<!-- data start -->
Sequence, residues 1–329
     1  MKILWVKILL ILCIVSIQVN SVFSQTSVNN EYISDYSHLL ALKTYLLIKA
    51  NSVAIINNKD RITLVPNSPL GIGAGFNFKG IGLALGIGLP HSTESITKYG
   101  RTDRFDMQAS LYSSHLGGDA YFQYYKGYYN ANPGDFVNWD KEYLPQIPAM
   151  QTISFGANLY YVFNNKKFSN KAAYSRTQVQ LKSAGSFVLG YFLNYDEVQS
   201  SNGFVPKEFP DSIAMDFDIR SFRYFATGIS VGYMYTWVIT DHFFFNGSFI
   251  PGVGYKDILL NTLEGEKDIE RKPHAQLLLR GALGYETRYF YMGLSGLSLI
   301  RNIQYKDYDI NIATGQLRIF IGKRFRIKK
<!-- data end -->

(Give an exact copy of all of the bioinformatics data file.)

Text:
Sequence, residues 1–329
     1  MKILWVKILL ILCIVSIQVN SVFSQTSVNN EYISDYSHLL ALKTYLLIKA
    51  NSVAIINNKD RITLVPNSPL GIGAGFNFKG IGLALGIGLP HSTESITKYG
   101  RTDRFDMQAS LYSSHLGGDA YFQYYKGYYN ANPGDFVNWD KEYLPQIPAM
   151  QTISFGANLY YVFNNKKFSN KAAYSRTQVQ LKSAGSFVLG YFLNYDEVQS
   201  SNGFVPKEFP DSIAMDFDIR SFRYFATGIS VGYMYTWVIT DHFFFNGSFI
   251  PGVGYKDILL NTLEGEKDIE RKPHAQLLLR GALGYETRYF YMGLSGLSLI
   301  RNIQYKDYDI NIATGQLRIF IGKRFRIKK